Transfer Hot Material on a Tight Residential Project with Safety in Mind
BY Sandy Lender
A contractor in the Midwest found its crew faced with building multiple starter pads against decorative walls and garage doors. The workers performed an enormous amount of handwork to prepare a series of driveways be placed with a commercial paver—screed extended to get each driveway in one pass. At the end of each driveway, the crew performed more handwork after a concrete sidewalk “interruption” to meet the residential street where a full-size haul truck sat with its bed full of hot-mix asphalt (HMA).
As you can see in the problematic picture below, the crew used a skid steer to gather material out of the haul truck bed. This may be an accepted practice on many hurried projects, but it’s not the safest way to fill the skid steer bucket for transferring material to the crewmembers or paver. It sets the crew up for a whole new experience with end of load segregation.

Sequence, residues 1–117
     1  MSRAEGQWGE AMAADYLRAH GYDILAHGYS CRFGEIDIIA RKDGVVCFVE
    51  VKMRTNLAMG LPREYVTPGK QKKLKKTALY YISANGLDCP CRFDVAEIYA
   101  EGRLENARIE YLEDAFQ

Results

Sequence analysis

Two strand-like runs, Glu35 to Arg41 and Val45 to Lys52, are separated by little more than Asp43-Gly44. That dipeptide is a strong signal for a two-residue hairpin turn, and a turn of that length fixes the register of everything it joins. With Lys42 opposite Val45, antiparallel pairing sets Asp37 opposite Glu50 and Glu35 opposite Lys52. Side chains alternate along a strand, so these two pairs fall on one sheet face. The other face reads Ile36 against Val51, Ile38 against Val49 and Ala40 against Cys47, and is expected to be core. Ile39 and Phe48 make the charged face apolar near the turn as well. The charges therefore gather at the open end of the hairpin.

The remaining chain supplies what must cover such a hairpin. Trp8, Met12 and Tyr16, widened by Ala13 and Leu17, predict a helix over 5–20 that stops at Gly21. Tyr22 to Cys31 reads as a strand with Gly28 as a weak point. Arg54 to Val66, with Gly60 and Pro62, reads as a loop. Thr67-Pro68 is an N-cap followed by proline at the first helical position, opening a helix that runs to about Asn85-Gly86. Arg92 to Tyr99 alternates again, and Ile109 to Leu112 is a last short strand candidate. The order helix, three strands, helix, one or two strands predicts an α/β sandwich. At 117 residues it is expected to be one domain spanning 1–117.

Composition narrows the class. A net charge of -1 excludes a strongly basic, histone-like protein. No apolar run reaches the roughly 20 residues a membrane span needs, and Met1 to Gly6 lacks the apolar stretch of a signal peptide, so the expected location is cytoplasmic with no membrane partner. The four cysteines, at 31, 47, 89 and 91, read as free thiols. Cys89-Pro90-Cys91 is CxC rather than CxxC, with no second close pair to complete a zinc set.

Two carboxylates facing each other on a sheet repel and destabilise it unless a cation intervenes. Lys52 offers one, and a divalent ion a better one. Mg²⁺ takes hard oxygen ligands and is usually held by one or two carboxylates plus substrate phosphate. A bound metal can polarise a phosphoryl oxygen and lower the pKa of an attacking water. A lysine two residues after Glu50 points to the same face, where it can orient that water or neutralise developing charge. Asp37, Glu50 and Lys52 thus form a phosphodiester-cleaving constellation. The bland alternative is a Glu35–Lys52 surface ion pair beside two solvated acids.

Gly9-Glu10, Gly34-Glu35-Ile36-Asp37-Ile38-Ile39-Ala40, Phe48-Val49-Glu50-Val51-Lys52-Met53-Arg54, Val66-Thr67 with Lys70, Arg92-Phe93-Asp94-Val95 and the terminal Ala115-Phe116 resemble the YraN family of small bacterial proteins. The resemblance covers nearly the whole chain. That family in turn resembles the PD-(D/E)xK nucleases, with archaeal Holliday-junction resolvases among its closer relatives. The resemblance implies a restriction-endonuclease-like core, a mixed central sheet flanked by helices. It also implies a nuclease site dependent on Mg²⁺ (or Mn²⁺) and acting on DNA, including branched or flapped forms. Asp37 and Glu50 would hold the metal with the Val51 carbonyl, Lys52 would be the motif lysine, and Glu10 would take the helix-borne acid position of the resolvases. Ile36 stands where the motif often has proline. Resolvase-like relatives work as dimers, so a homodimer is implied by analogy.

Instead, choose the right haul truck for the job. The truck delivering to a project that demands a skid steer carry material to multiple locations throughout the day should have a special tailgate that allows the skid steer operator to fill the bucket without performing gymnastics.
In the picture above, the team at Bow Paving of Bow, New Hampshire, demonstrates the best practice for handling material when you can’t back the truck to the paver on the homeowner’s driveway. They use a haul truck with a special tailgate that incorporates three lockable chutes across the width of the truck bed.
When the crew is ready for mix, the skid steer operator positions the bucket beneath the center chute and the driver releases a set amount. Paving Consultant John Ball, Manchester, New Hampshire, reminded readers, you want to ensure the chute’s door is well greased and well maintained to prevent sticks and starts; you want it to open and close smoothly, delivering a cascade of material to the bucket.
For the next bucketful, the skid steer operator will position the bucket beneath one of the side chutes. For the third bucketful, he will position the bucket beneath the other side chute. In this staggered manner of collecting material, both skid steer operator and haul truck driver ensure an even and non-segregated delivery of mix for the handwork and paver hopper nearby, Ball said.
What ideas can you share for safe and efficient transfer of material on a tight project? Share your ideas with one another on the AsphaltPro Facebook page when this article goes live in March and help keep colleagues safe.